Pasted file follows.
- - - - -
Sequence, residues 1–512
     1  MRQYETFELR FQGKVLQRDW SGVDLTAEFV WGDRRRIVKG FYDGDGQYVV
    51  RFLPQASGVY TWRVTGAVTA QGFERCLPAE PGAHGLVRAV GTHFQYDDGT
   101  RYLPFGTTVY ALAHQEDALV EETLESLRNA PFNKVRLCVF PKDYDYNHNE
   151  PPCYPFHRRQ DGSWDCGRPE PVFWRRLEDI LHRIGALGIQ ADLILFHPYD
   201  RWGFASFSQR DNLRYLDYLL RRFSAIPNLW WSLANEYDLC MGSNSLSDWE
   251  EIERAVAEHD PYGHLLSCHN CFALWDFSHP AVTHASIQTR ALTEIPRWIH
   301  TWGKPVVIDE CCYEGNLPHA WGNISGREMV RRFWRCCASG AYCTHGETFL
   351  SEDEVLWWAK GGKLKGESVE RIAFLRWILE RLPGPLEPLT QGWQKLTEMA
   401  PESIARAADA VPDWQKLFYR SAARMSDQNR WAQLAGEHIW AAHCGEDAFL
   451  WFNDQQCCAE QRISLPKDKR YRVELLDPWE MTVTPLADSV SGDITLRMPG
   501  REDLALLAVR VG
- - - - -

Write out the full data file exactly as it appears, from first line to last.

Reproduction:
Sequence, residues 1–512
     1  MRQYETFELR FQGKVLQRDW SGVDLTAEFV WGDRRRIVKG FYDGDGQYVV
    51  RFLPQASGVY TWRVTGAVTA QGFERCLPAE PGAHGLVRAV GTHFQYDDGT
   101  RYLPFGTTVY ALAHQEDALV EETLESLRNA PFNKVRLCVF PKDYDYNHNE
   151  PPCYPFHRRQ DGSWDCGRPE PVFWRRLEDI LHRIGALGIQ ADLILFHPYD
   201  RWGFASFSQR DNLRYLDYLL RRFSAIPNLW WSLANEYDLC MGSNSLSDWE
   251  EIERAVAEHD PYGHLLSCHN CFALWDFSHP AVTHASIQTR ALTEIPRWIH
   301  TWGKPVVIDE CCYEGNLPHA WGNISGREMV RRFWRCCASG AYCTHGETFL
   351  SEDEVLWWAK GGKLKGESVE RIAFLRWILE RLPGPLEPLT QGWQKLTEMA
   401  PESIARAADA VPDWQKLFYR SAARMSDQNR WAQLAGEHIW AAHCGEDAFL
   451  WFNDQQCCAE QRISLPKDKR YRVELLDPWE MTVTPLADSV SGDITLRMPG
   501  REDLALLAVR VG